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Wilson v. California State Prison Corcoran

United States District Court, E.D. California

March 31, 2018

DAVID W. WILSON, Plaintiff,
v.
CALIFORNIA STATE PRISON CORCORAN, et al., Defendants.

          FINDINGS AND RECOMMENDATIONS TO DENY MOTION TO PROCEED IN FORMA PAUPERIS (ECF NO. 2) ORDER DIRECTING CLERK OF COURT TO ASSIGN DISTRICT JUDGE FOURTEEN-DAY OBJECTIONS DEADLINE

          MICHAEL J. SENG UNITED STATES MAGISTRATE JUDGE.

         Plaintiff is a state prisoner proceeding pro se in this civil rights action filed on March 28, 2018. (ECF No. 1.) Plaintiff has not prepaid the filing fee as required by Local Rule 121(c). Accompanying his complaint was a motion to proceed in forma pauperis. (ECF No. 2.) For the reasons set forth below, the motion should be denied.

         I. Motion to Proceed In Forma Pauperis

         Plaintiff is subject to 28 U.S.C. 1915(g), which provides that “[i]n no event shall a prisoner bring a civil action . . . under this section if the prisoner has, on 3 or more prior occasions, while incarcerated or detained in any facility, brought an action or appeal in a court of the United States that was dismissed on the grounds that it is frivolous, malicious, or fails to state a claim upon which relief may be granted, unless the prisoner is under imminent danger of serious physical injury.”

         A. Actions Dismissed for Failure to State Claim

         Plaintiff has brought four actions that were dismissed for failing to state a claim. See Wilson v. Tilton, No. 2:06-cv-01031-LKK-PAN (E.D. Cal. Sept. 12, 2006); Wilson v. Schwartz, No. 2:05-cv-01649-GEB-CMK (E.D. Cal. Oct. 31, 2006); Wilson v. Dovey, No. 2:06-cv-01032-FCD-EFB (E.D. Cal. March 8, 2007); Wilson v. Veal, No. 2:06-cv-00067-FCD-KJM (E.D. Cal. June 4, 2007).

         All of Plaintiff's actions noted above were dismissed before March 28, 2018, when Plaintiff filed the present action. Thus, Plaintiff is subject to 28 U.S.C. § 1915(g) and is precluded from proceeding in forma pauperis in this action unless at the time the complaint was filed, he was under imminent danger of serious physical injury.

         B. Imminent Danger Exception

         The imminent danger exception applies if “the complaint makes a plausible allegation that the prisoner faced 'imminent danger of serious physical injury' at the time of filing.” Andrews v. Cervantes, 493 F.3d 1047, 1055 (9th Cir. 2007). The Ninth Circuit interprets “imminent danger” to mean “ongoing danger, ” meaning the prisoner must allege that prison officials have continued with a practice that has injured him or others similarly situated in the past. Id. at 1056-57.

         A prisoner seeking to invoke the imminent danger exception in § 1915(g) must make specific, credible allegations of imminent danger of serious physical harm. McNeil v. U.S., 2006 WL 581081 (W.D. Wash. Mar. 8, 2006) (citing Kinnell v. Graves, 265 F.3d 1125, 1127-28 (10th Cir. 2001), and White v. Colorado, 157 F.3d 1226, 1232 (10th Cir. 1998)). Vague, speculative, and non-specific allegations are insufficient. See Pauline v. Mishner, 2009 WL 1505672 (D. Haw. May 28, 2009) (plaintiff's vague and conclusory allegations of possible future harm to himself or others are insufficient to trigger the “imminent danger of serious physical injury” exception to dismissal under § 1915(g)); Cooper v. Bush, 2006 WL 2054090 (M.D. Fla. July 21, 2006) (plaintiff's allegations that he will commit suicide, or that he has already attempted suicide and will do so again, are insufficient to show imminent danger); Luedtke v. Bertrand, 32 F.Supp.2d 1074, 1077 (E.D. Wis. 1999) (“[p]laintiffs vague allegation of a conspiracy among the defendants to beat, assault, injure, harass and retaliate against him are not enough. These allegations are insufficient and lack the specificity necessary to show an imminent threat of serious physical injury.”).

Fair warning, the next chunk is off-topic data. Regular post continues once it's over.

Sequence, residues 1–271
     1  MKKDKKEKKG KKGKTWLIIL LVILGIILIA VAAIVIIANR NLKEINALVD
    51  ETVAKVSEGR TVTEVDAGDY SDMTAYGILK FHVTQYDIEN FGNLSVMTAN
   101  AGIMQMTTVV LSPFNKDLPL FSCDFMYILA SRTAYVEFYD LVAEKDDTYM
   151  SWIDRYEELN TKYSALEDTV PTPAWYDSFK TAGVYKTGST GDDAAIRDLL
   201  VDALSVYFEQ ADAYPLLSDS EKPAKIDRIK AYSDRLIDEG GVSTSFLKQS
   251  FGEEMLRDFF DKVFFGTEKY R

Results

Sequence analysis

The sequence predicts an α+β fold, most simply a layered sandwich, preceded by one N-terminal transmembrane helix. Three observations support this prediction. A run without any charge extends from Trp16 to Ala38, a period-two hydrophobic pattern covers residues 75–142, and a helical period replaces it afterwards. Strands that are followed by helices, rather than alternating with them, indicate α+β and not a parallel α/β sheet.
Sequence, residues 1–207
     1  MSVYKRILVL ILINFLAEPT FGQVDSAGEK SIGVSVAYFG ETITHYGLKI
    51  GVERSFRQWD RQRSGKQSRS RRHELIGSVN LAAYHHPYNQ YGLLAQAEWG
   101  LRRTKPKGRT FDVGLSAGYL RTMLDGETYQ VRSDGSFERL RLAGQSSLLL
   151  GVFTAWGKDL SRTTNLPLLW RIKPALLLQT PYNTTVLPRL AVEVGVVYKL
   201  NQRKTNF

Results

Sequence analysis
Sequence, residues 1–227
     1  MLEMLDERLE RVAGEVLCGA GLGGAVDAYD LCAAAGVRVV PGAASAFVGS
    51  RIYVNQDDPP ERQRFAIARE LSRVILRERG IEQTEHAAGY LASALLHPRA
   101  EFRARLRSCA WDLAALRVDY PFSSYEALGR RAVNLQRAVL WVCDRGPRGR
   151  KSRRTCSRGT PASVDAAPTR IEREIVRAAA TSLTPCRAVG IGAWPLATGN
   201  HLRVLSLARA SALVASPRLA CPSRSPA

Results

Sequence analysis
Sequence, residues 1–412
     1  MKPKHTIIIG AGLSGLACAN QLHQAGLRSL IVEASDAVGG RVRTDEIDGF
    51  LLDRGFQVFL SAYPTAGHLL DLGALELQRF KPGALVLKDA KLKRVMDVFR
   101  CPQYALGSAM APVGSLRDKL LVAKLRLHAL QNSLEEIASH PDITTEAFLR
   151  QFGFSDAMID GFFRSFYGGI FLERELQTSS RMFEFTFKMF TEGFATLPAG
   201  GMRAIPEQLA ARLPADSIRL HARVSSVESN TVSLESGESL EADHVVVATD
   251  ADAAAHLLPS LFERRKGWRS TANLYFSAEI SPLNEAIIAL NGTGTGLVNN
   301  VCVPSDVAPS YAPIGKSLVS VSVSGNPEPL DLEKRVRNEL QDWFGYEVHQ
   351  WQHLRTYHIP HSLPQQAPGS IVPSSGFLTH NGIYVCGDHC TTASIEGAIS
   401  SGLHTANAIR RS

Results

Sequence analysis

Here, Plaintiffs complaint fails to reflect that Plaintiff is at imminent risk of suffering “serious physical injury.”

         Although the complaint is largely incomprehensible and its allegations difficult to decipher, it alleges the following multitude of alleged constitutional violations: Plaintiff was transferred in retaliation for engaging in a protected act, and the transfer did not ensure compliance with his rights under the Americans with Disabilities Act (“ADA”); Defendants have deprived him of certain items, such as a fan and special mattress, he considers medical necessities; he has been seen by a nurse practitioner, while being denied visits by a medical doctor; he seeks but has been denied special transport accommodations, an air mattress with an electric fan, a ban on further video doctor's visits, the return of his toenail clippers, special accommodations on searches conducted when he is out of his cell, a special therapeutic diet, access to the library five days a week, a requirement that all kitchen personnel who handle food wear caps and aprons, and enactment of a long list of procedural and physical changes to the prison. (ECF No. 1 at 20-24.)

         The Court can identify no allegations in the foregoing or otherwise that indicate Plaintiff is exposed to imminent physical danger from which he needs the Court's protection.

         II. ...


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